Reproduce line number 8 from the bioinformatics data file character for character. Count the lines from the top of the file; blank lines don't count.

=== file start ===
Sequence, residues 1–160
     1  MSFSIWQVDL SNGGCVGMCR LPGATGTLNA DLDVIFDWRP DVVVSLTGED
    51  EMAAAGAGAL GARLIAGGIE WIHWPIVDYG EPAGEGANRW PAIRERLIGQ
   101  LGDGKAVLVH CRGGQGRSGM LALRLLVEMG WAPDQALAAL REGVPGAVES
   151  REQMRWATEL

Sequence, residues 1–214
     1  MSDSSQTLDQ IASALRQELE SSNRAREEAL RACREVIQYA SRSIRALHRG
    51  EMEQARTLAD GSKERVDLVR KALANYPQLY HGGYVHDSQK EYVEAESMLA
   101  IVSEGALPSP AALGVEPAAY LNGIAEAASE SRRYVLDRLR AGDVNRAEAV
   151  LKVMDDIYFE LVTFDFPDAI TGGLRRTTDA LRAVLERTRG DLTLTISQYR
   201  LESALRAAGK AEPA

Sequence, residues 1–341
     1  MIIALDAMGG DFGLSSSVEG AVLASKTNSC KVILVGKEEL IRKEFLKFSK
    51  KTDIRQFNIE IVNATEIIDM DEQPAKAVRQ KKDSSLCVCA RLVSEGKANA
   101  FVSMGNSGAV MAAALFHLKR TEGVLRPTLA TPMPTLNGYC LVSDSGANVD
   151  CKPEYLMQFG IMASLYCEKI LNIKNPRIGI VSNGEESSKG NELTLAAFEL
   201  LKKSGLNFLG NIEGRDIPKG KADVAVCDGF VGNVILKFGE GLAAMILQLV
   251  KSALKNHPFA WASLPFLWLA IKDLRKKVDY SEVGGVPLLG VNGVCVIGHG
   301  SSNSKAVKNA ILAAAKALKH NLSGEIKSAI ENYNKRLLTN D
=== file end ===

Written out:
    51  EMEQARTLAD GSKERVDLVR KALANYPQLY HGGYVHDSQK EYVEAESMLA